I went out for an early morning stroll along the earthen dam.
Some kids were making some items for home decor with date leaves. They asked me to buy some, but I could not as I was not carrying my wallet.
After I came back to the hotel, they followed me and knocked at the doors of our room and the adjacent one. Before we could take out money, a person from the next room opened the door thinking that bed tea was being served. He took all from them, paid only five rupees and literally closed the door on them. Seeing disappointment on their faces, we asked them to make something for us also. Then we went out again.
The kids at work
Men at work
After some time, they kids approached us with their craft – at first two, then the rest of them.
We wanted to take one, but upon insistence from them, we took all for fifty rupees – thinking that we buy transfat and cholesterol knowingly at a much higher price.
Spring was over, but we could find a few Krishnachura still blossoming.
Items bought from the kids
We had a tasty breakfast of luchi-sabji, and it was time for packing bags.
We took an early lunch and checked out to explore a few places nearby. So we went beside the dam and though villages.
And it appeared that we were mot the only guests there.
Asian Open Billed Stork
We also saw a pond where lotus flowers had bloomed.
First view of Gar Pachkot hill
Gar Pachkot was a fort of local ruler. It was destroyed by Bargi (Maratha) attack in the 18th century. The ruins, in the backdrop of the hill, is a popular tourist destination. There is also a state government property here for accommodation.
The Ras mancha, a five pinnacle temple of Radha-Krishna.
We saw a few signboards where some lines of Jhumur songs were written. The language is Kurmali, although Bengali script is used. Jhumur is a form of folk song of Bengal. Some videos from Youtube are posted here to give an essence of Jhumur.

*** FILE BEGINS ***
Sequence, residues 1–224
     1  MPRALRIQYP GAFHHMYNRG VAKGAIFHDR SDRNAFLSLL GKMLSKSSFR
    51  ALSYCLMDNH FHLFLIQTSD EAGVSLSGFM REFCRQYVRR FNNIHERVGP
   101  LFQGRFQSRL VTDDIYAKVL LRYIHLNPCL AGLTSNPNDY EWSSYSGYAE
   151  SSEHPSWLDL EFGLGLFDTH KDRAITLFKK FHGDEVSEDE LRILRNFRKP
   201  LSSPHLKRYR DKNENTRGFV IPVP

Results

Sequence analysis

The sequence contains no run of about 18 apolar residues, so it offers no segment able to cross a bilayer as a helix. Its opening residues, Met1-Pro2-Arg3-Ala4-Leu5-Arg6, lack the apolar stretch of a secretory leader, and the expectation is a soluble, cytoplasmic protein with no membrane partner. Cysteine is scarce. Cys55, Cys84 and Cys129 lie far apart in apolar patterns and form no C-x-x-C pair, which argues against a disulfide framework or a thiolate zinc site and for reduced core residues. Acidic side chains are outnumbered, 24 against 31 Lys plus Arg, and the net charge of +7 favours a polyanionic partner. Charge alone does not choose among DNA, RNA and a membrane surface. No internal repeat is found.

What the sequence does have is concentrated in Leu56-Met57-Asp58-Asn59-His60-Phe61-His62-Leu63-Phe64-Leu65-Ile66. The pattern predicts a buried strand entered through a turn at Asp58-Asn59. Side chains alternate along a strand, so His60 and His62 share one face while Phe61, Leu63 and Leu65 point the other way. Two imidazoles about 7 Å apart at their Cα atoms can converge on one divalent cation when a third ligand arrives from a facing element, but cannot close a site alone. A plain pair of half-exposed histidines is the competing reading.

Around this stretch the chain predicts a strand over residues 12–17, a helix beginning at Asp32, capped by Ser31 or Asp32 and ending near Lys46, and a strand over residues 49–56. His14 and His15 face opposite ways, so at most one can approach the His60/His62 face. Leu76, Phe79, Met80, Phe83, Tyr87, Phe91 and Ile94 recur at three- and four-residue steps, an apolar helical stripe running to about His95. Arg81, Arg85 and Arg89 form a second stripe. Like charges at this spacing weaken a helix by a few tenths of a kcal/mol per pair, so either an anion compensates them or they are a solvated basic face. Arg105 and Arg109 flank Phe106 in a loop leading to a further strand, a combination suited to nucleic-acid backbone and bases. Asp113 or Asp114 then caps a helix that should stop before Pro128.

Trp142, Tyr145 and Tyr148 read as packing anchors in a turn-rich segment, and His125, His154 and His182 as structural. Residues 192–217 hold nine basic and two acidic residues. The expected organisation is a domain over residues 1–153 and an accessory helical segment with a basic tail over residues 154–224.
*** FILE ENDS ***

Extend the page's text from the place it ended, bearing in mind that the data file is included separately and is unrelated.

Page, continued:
Our next destination was the Jai Chandi hill, where Satyajit Ray shot some parts of the movie Hirok Rajar Deshe.
There are approximately 470-480 steps to go to the top. Everybody we had spoken to earlier, discouraged us, saying that it would be a tough climb. The weather was very hot and sultry, besides, we’d have to board an afternoon train. So we fixed a time limit after which we’d have to come down even if we were not able to reach the top.
Jaichandi railway station
The steps were not steep, but the heat was too much to bear with. Somehow we managed to reach the top, and the effort was rewarded. The views from the top were breathtaking.
The temple at top, although it was closed.
A train was leaving the station right then and it was really a nice opportunity to capture it in one frame from top.
We came down, and found that it was an easily doable trek, except for the heat.
An open air auditorium has been built in the name of Satyajit Ray. Many cultural programmes are arranged there in winter.
A closer look at the Jaichandi railway station
We reached Adra railway station which was not far away. The Rupasi Bangla express was not late, and we had the opportunity of enjoying the company of an award winning writer on our return journey.
This hotel provides the best view perhaps in Baranti. The room was comfortable, the food was excellent and cost Rs.375 per head per day. The caretaker Birbal is very courteous and helpful.
Pick-up from Asansol railway station by Alto : Rs.900, distance 37 km, time taken 1 hour 30 minutes
Biharinath hill by Alto : Rs. 1000, distance 16 km one way, time taken 45 minutes
Gar Panchkot - 13 km, Jai Chandi hill - farther 19 km, Adra railway station - another 3 km : Rs.1200 by Alto, time taken 3 hrs 15 min
We wanted to see it raining over the lake, but it didn’t rain. We didn’t expect to see any flowers for which Baranti is famous, although we saw a few. We wanted to watch a memorable sunset, but saw a mere glimpse which was was enough for a realisation that the real show would definitely be mesmerizing. We went there in search of solitude, and Baranti did not disappoint us.
Baranti hai toh… aur kya chahiye! If Baranti is there, what else is required!